Riley and the Curious Koala Colouring Competition

Kids! To help celebrate the upcoming launch of Tania McCartney's new picture book - Riley and the Curious Koala: A journey around Sydney, you could win a copy of the book!

Just head to Tania's website to enter a fab colouring-in competition for your chance to win! Entries close 30 November and are open to Australian and New Zealand residents only.

You'll also find some wonderful fun and games for kids - mazes, spot-the-difference, even paper dolls to print and play with!

Glorious illustrations by Kieron Pratt.

Don't miss Tania's blog tour for Riley and the Curious Koala - 15 - 21 November 2010. 

Review: Zizzy

Title: Zizzy

Author: Penny Matthews

Illustrator: Danny Snell

Publisher: Ominibus, A$26.99RRP

Publication date: 02/08/2010

Format: Hardcover

ISBN: 9781862917972

For ages: 3 - 6

Type: Picture Book

About: Ah, the simplicity behind the concept of this story. Such a simple, honest tale (are they not the absolute best?), this adorable story about a little sloth will melt your heart.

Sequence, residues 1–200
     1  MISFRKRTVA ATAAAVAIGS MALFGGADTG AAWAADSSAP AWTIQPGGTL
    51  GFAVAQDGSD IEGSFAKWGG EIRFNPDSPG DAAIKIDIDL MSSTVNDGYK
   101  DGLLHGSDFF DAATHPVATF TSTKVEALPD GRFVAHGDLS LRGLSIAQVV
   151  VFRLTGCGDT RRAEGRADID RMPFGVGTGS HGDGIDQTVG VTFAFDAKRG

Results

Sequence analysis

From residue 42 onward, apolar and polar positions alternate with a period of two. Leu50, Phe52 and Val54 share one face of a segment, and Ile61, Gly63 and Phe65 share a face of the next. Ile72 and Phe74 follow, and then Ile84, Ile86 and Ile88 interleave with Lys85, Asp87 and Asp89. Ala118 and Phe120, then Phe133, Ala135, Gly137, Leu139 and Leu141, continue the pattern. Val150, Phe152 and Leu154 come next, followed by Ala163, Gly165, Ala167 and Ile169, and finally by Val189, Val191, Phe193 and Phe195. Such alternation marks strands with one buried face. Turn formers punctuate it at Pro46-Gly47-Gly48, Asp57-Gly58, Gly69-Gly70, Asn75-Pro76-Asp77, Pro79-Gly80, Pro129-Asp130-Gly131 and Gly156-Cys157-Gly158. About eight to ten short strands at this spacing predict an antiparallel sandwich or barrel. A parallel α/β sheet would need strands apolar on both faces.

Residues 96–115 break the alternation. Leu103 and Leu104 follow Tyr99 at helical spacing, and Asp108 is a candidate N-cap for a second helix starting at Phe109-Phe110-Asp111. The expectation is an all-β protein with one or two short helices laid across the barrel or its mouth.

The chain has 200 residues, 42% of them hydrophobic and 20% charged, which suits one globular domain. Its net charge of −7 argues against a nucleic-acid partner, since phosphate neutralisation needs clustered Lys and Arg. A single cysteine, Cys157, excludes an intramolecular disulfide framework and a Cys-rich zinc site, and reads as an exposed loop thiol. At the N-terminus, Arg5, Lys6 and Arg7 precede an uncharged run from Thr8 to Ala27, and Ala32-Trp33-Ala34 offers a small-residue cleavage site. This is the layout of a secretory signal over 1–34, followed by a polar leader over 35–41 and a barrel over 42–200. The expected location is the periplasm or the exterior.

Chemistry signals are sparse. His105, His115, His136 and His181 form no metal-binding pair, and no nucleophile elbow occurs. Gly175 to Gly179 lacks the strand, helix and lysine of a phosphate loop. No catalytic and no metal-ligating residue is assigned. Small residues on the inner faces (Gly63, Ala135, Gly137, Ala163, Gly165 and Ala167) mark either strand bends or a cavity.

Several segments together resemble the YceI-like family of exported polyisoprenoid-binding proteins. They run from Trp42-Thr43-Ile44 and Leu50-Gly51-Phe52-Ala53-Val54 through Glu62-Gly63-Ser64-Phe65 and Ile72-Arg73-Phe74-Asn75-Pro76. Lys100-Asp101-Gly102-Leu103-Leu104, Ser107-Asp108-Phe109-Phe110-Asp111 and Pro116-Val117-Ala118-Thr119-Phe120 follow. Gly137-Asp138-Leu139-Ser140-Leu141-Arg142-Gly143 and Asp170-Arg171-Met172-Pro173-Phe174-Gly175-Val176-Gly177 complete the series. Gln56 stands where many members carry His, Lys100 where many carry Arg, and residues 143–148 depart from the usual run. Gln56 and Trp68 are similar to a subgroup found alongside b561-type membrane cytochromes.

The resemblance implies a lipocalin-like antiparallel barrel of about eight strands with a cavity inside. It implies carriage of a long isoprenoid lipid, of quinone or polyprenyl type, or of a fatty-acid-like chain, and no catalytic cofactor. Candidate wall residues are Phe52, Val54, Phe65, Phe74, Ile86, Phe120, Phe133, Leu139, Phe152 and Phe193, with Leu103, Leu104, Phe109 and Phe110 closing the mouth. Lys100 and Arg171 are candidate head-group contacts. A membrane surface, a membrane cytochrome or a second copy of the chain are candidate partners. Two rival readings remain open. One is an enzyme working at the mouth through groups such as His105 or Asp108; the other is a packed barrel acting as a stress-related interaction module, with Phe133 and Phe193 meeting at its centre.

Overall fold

Zizzy the sloth lives in a deep dark jungle. He doesn’t do much but hang upside down, eat and sleep sleep sleep. And nap. Walking on the ground is difficult, moving agonizingly slow… and adventuring? Almost impossible.

But when Zizzy spots a blue patch through the tree tops one day, he asks a parrot who tells him this patch of blue is the beginning of the rest of the world.

Totally intrigued, and with the bird’s help, Zizzy sets off on his very first adventure, tumbling and stumbling over the forest floor to the sea. The sight of a sloth sittng on the sand looking out to a vast blue ocean with a parrot on his head is not one you will soon forget.